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Dry bulk ports and terminals are in a state of constant change. The materials they handle change and so, too, do the quantities. Operators are constantly having to adapt to new requirements. They want to automate their activities as much as possible while also remaining flexible. They need more space for future expansions, and they are constantly facing the challenge of adapting their facilities to the increasing throughput, while at the same time paying ever more attention to avoiding dust emissions and improving their CO2 footprint. In projects such as these, BEUMER Group works together closely with its customers to develop efficient and new solutions.

The ability to load ships quickly is a decisive productivity factor. It is important to adapt the technology implemented in ports to the local space constraints and the size of the vessels – as well as to take account of the characteristics of the transported material. “Ports are faced with the challenge of increasing their performance,” explains Lukas Paul, Head of Ports & Terminals at BEUMER Group. To remain competitive, operators must constantly expand their terminals. “That is just one of the challenges. It is necessary to ensure economically viable and environmentally responsible operation and, first and foremost, cost efficiency.” When it comes to dry bulk handling equipment, BEUMER Group is there to help. The system provider supports operators – starting with every aspect of conveyor technology and through to the loading of the ships.

“When customers come to us, we sit down with them and talk,” explains BEUMER expert Paul. “In most cases, they know their everyday workflows extremely well and are aware of where the weak points and bottlenecks are.” To ensure the efficient handling of dry bulk, they must constantly adapt or expand their terminals. However, the restricted space available in ports often presents a difficulty. This means that operators face the challenge of integrating new storage areas – and these are not always in the immediate vicinity of the port. To use these areas, environmentally friendly conveyor systems represent an alternative to trucks.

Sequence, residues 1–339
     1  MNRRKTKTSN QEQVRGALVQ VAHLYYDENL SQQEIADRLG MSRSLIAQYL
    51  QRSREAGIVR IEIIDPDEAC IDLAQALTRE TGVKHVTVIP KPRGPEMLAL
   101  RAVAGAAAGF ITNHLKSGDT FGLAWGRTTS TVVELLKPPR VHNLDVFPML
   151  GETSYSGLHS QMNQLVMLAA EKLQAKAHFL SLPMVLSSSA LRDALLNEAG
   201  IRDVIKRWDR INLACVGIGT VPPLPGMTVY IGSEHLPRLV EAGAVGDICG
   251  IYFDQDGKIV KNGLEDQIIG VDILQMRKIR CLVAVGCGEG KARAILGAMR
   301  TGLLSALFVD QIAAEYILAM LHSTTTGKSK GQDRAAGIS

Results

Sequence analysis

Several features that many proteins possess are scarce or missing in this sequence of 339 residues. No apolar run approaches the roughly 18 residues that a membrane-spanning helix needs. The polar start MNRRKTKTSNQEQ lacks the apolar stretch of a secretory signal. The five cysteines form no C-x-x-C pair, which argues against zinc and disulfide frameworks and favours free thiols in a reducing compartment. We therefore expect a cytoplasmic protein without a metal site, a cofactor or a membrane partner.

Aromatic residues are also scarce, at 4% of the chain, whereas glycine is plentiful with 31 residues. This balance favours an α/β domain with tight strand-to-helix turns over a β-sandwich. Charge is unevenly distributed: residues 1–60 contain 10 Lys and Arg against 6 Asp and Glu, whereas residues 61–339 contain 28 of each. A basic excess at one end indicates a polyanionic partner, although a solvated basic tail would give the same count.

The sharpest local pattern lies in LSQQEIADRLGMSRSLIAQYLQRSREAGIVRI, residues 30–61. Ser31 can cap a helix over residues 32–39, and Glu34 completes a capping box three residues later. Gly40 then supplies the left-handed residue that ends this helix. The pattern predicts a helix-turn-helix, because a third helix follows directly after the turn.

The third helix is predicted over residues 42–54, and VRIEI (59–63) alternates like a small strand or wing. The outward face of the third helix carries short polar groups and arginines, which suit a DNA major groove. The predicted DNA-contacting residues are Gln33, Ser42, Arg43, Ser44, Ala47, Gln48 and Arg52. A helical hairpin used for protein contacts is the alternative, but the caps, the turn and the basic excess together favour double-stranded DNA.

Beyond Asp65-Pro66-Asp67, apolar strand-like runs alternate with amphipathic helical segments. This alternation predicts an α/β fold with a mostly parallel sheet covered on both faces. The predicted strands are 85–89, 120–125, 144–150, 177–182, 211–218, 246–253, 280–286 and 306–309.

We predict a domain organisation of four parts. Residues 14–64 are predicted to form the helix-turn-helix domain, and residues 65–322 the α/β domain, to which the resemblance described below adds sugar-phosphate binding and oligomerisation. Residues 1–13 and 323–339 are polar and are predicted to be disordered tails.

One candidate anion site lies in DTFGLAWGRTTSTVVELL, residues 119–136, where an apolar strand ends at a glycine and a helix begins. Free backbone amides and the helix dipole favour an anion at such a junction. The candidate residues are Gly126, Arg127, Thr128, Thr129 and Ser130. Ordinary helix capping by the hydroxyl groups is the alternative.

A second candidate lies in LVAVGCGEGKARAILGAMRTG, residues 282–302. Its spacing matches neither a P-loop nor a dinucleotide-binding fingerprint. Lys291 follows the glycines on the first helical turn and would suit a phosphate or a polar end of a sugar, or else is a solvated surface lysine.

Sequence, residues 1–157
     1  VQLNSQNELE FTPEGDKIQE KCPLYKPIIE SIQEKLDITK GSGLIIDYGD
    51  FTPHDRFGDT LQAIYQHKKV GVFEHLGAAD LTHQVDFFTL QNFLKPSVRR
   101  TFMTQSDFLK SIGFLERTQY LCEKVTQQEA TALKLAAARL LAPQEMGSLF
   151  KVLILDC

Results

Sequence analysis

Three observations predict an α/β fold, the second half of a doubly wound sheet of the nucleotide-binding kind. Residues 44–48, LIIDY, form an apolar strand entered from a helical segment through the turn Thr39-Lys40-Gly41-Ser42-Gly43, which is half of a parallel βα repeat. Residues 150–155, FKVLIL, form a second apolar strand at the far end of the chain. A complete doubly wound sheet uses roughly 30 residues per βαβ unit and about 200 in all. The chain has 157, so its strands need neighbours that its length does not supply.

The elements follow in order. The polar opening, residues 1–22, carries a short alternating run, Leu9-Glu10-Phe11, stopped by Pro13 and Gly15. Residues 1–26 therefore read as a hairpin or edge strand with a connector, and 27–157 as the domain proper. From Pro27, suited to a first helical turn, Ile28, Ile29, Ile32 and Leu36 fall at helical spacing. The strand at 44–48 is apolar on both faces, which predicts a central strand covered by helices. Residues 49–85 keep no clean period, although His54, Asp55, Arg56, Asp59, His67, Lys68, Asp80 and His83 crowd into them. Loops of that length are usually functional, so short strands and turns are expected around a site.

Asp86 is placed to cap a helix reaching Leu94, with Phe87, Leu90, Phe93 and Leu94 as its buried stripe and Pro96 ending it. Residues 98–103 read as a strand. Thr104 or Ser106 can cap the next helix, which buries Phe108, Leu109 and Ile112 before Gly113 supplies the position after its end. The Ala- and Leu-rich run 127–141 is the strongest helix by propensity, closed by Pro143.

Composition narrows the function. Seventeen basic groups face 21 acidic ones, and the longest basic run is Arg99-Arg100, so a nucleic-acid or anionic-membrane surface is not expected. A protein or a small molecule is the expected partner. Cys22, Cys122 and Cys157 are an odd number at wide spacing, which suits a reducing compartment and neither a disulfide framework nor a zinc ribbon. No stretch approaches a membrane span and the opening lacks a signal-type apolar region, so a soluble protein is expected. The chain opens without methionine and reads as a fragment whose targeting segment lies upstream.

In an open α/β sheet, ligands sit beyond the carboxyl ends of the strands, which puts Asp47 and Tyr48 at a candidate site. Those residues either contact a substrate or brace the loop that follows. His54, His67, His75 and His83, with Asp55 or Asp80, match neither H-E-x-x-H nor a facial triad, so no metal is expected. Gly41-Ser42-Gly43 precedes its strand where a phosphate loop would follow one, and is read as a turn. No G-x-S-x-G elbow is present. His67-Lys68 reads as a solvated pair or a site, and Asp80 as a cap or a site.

Belt conveyors as a cost-efficient alternative

Belt conveyors can be used to transport various bulk materials from and to the port. BEUMER Group supplies a variety of solutions depending on the intended use. Troughed belt conveyors, for example, permit high mass flows. They have an open design and are therefore suitable for coarse materials and very large volumes. Pipe conveyors, by contrast, have other specific advantages. The idlers shape the belt into a closed tube. This protects the transported material against external influences and also protects the environment against emissions such as dust or material loss. Panels with hexagonal cutouts and idler rollers in an offset arrangement keep the tube closed. Pipe conveyors are able to cope with tighter curves and larger angles of inclination than are possible with an open troughed belt conveyor. Their enclosed design also enables them to handle various bulk materials securely without any danger of cross-contamination. They also protect the health of the people who work at the facility or live nearby – for example, when bulk metal concentrates are being transported.

Lukas Paul remembers a project in Peru. To transport zinc, copper or lead concentrates mined by a number of different companies from the store to the terminal, the system provider installed a pipe conveyor measuring approximately 3,000 meters in length which transported more than 2,000 tonnes of this material per hour. However, there was a problem: The route passed through a military area with barracks for troops. The enclosed conveyor system reliably prevents the concentrates from coming into contact with the environment and conveys them to the ship’s holds without generating dust. The pipe conveyor is also equipped with filters, scrapers, a dust removal mechanism and a control system, making the need for any transfer points superfluous. “Our belt conveyor systems are an economical and environmentally friendly alternative to truck transport,” says Paul. “They allow operators to automate their processes and remove the burden of the manual work from their employees. This solution also reduces energy consumption.”

Adapting for improved performance